Climate Change and Grain Production Relationships Quantified

The Intergovernmental Panel on Climate Change’s data on global temperatures, which coincides with that of the UK Met Office, clearly shows a 16 year pause in surface temperatures on Earth. While nobody will doubt that carbon dioxide is a greenhouse gas, and that it is theoretically possible for anthropogenic CO2 emissions to have some effect upon climate, it is now subject to debate as to how large an effect that is. The positive feedback loops between CO2 and temperature assumed by most researchers in the past need re-evaluating.

UK Met Office Data, 2013

The suggestion that the sun has entered a “quiet” period is accepted by many scientists. Causal associations between “quiet” periods and cooler than normal temperatures, or ice ages, have long been suggested and evidence of this is accumulating. Likewise, very vigourous solar activity is associated with warmer than normal temperatures, and research investigating a possible causal link is coming up with very interesting results.

The paper below by Australian scientist David Archibald  makes for compelling reading. Based on the premise that a significant cooling event may be realised in the near future, it objectively calculates the effects upon the world’s grain production, and hence upon prices and food security. Hopefully such an event will not occur, but if it should do so, good investments will be graingrowing land in regions with mild climates and long, warm growing seasons, as these will suffer less from yield impairment than regions that already have short growing seasons (like Canada and Russia). It would also be prudent to short-sell Egyptian stocks according to this analysis………although we must hope that it does not come to pass.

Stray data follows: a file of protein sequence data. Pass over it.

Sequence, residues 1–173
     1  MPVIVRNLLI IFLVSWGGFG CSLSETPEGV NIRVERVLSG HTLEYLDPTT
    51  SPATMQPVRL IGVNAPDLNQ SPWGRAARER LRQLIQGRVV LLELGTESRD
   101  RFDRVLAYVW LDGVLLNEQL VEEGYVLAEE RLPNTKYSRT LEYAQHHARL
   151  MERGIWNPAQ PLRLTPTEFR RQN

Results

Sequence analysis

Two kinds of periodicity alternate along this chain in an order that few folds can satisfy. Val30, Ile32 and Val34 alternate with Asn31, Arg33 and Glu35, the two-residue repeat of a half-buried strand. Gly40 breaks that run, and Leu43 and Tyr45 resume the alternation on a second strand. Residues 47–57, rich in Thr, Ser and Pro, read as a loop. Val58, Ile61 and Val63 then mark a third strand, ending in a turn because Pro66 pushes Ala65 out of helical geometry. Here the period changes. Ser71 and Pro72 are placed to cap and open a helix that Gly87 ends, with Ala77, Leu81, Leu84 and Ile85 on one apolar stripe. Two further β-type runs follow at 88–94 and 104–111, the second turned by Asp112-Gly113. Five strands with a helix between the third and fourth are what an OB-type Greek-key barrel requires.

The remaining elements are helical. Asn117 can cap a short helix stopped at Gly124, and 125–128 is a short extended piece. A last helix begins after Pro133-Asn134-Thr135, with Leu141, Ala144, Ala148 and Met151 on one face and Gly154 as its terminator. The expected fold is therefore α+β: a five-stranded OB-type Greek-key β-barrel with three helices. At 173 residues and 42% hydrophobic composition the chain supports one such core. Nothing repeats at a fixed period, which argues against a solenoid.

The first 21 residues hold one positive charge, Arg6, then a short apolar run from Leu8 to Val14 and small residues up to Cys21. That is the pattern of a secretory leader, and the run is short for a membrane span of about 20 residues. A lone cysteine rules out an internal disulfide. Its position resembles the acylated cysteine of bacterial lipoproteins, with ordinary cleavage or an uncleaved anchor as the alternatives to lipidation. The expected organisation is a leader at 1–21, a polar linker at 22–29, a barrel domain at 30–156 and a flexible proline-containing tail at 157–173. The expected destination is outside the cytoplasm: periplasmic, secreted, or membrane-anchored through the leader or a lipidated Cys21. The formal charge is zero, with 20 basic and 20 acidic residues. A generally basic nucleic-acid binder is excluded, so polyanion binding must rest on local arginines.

The Climate-Grain Production Relationship Quantified

Guest essay by David Archibald

There is now consensus that the Sun has now entered a quiet period. The first paper from the solar physics community predicting the current quiet period was Schatten and Tobiska’s 2003 paper “Solar Activity Heading for a Maunder Minimum?”. To date, Solar Cycle 24 has shown similar maximum SSN amplitudes to that of Solar Cycle 5, the first half of the Dalton Minimum:


Figure 1: Solar Cycle 24 relative to the Dalton Minimum

But what comes beyond that? Predicting the amplitude of Solar Cycle 24 was big business in the solar physics community with a total of 75 forecasts. There is only one forecast of the amplitude of Solar Cycle 25 to date. That forecast is Livingstone and Penn’s prediction of a maximum amplitude of seven. The first forecast, by Libby and Pandolfi, of the current quiet period is now over 40 years old. The fact that Libby and Pandolfi’s prediction got the detail of temperature changes to date right gives great credibility to it. Written in 1979, they forecast a warming trend for the rest of the 20th century followed by a cold snap that might well last throughout the first half of the 21st century. Specifically, Dr Libby is quoted by the Los Angeles Times as saying,

“we see a warming trend (by about a quarter of 1 degree Fahrenheit) globally to around the year 2000. And then it will get really cold – if we believe our projections. This has to be tested.” How cold? “Easily one or two degrees,” she replied, “and maybe even three or four degrees.”

The Libby and Pandolfi forecast was based on isotope ratios in tree rings and dates from a time before the corruption of tree ring science.

Read the rest of this fascinating article here